New York City is struck by a plague of power outages caused by the alien. But when Vamfire tries to feed from an atomic energy plant at Minnesota Flats she runs into Nova who is trying to locate the cause of the power failures. The two fight and Vamfire learns that Nova is not the energy creature she had followed all those years, but an Earth woman who as it turns out has a stiff uppercut which stuns Vamfire. E-Man appears and applauds Nova's handling of Vamfire's threat and realizes that she must be something akin to his sister, a thought that disturbs Nova and bemuses Vamfire.

To learn more about Vamfire check out this link.

These final E-Man stories done in some manner under the Charlton banner have a more tongue-in-cheek character than the original ones in the regular series. Nick Cuti seems to know of course that he's now writing to a pure fanboy audience and that he can play even more with the conventions of the form.

The Vamfire story seems very much a story for fans, with Nick Cuti and Joe Staton even making cameos in the story. Vamfire seems not so much an actual threat as an excuse to concoct a tale. The story lack any of the real tension that even the funniest of the originals had in some small measure. But it's still a hoot of a story.

One of the clearest examples of playing to the fanboy audience is in the first story from Bulleye in which Nova responds to a comment E-Man makes about the color of some object being confusing because they are now in black and white. I noted that when this story was reprinted in the First Comics series with color, that comment and the bubble it was contained in were eliminated, the only change of such a type that I noticed in those reprints. This wording was returned in the E-Man trade reprint.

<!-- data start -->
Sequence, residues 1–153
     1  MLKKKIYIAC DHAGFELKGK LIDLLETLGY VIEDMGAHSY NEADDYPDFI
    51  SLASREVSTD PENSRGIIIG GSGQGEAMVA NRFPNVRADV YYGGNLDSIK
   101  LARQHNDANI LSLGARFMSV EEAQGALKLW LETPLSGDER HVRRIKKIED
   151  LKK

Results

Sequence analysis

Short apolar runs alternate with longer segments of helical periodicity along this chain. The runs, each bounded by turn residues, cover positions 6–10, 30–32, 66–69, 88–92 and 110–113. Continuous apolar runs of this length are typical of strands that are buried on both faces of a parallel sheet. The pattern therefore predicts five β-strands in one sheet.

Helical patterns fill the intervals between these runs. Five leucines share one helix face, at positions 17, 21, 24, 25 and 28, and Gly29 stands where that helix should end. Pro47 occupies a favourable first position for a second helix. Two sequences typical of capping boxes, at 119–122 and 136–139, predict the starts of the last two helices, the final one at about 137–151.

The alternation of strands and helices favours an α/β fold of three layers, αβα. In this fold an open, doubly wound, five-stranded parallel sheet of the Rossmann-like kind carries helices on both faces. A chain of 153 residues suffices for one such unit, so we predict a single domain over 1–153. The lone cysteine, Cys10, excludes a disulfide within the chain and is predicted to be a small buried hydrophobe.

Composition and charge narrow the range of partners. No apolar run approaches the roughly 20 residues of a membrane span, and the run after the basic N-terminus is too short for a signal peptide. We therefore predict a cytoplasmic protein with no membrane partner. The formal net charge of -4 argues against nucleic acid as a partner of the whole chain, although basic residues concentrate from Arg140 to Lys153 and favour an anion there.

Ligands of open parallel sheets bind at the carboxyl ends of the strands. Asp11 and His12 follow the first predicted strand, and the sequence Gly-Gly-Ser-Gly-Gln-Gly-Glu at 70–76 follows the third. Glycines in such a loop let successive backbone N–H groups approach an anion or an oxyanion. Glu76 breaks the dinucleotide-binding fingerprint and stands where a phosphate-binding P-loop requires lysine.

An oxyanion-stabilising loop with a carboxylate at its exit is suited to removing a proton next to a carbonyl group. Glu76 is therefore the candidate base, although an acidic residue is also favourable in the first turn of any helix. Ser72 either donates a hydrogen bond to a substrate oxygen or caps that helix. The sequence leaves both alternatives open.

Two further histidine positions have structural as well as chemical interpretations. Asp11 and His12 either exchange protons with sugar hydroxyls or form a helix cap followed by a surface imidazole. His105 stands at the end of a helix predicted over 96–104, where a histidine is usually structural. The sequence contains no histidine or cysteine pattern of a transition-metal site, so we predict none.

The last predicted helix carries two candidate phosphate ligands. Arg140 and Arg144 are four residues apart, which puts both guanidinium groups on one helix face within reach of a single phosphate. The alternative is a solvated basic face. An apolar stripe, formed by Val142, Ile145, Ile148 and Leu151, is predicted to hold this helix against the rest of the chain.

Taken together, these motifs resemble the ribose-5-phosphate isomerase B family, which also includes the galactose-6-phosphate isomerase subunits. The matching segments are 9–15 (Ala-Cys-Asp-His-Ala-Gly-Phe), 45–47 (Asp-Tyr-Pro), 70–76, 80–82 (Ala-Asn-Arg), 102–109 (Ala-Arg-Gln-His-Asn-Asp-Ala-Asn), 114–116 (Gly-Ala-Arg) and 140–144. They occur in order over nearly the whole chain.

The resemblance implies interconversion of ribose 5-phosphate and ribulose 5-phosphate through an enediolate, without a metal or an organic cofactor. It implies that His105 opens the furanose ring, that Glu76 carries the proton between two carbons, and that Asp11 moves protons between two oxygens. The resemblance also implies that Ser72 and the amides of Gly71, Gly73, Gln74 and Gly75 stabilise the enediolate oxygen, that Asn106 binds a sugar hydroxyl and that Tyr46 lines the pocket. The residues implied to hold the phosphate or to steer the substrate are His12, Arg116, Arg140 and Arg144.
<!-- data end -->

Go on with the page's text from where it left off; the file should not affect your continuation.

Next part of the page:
It's too bad that Bullseye couldn't have continued and so give us more E-Man stories. But then if Charlton hadn't collapsed then the property wouldn't have been available for First to make use of. While most fans think the 80's E-Man series is inferior to the Charlton run (myself included) it did free E-Man from the servitude in endless cheap reprints most of the Charlton canon fell into when the properties were sold off to Richard Broughton and his ACG/Avalon brands. Along with the "Action Heroes" which went to DC and a few others like Thunderbolt which fell to its creator PAM, E-Man found a way to stay alive popping up every few years here and there. First, Comico, Alpha, Digital Webbing, Twomorrows, and most recently AC Comics under the Charlton Neo brand, have all taken a swing at an E-Man story. In addition E-Man has shown up in all sorts of benefit books over the years. The character is a bit of an icon to indie comics, a pioneer project which seems never to quite thrive, but never quite disappear, though reports indicate the last E-Man story has dropped.

The character touched a nerve with us happy lucky few who stumbled across him all those decades ago now. His smiling mug gave superheroes a happy face when one was sorely needed, in a decade which reminds me much of modern times. A war which seems to grind on ceaselessly and an economy which teeters day to day are stresses which make readers relish a sunny diversion. E-Man by Cuti and Staton is the very tonic!

"E is for Engery...E is for E-Man - From the the ridiculous, from hurling pure energy with his bare lurking in a light bulb/ E-Man's fantastic ability to all the forms of energy makes him a formidable foe of Evil!!"

Thanks Nick! Thanks Joe!

SPECIAL NOTE: This concludes our E-Man coverage for this month. I had originally planned to continue reviewing (albeit less comprehensively) the E-Man stories from First, Comico, Alpha, and others, but frankly I'm enjoying reading these stories and will finish the run, but I don't at this moment have much more to say. These E-Man comics are among my most prized and the E-Man books that have dribbled out over the decades are remarkable in many respects. Maybe later I'll feel like tearing into them with more vigor. But right now, my mind is on other things. More tomorrow.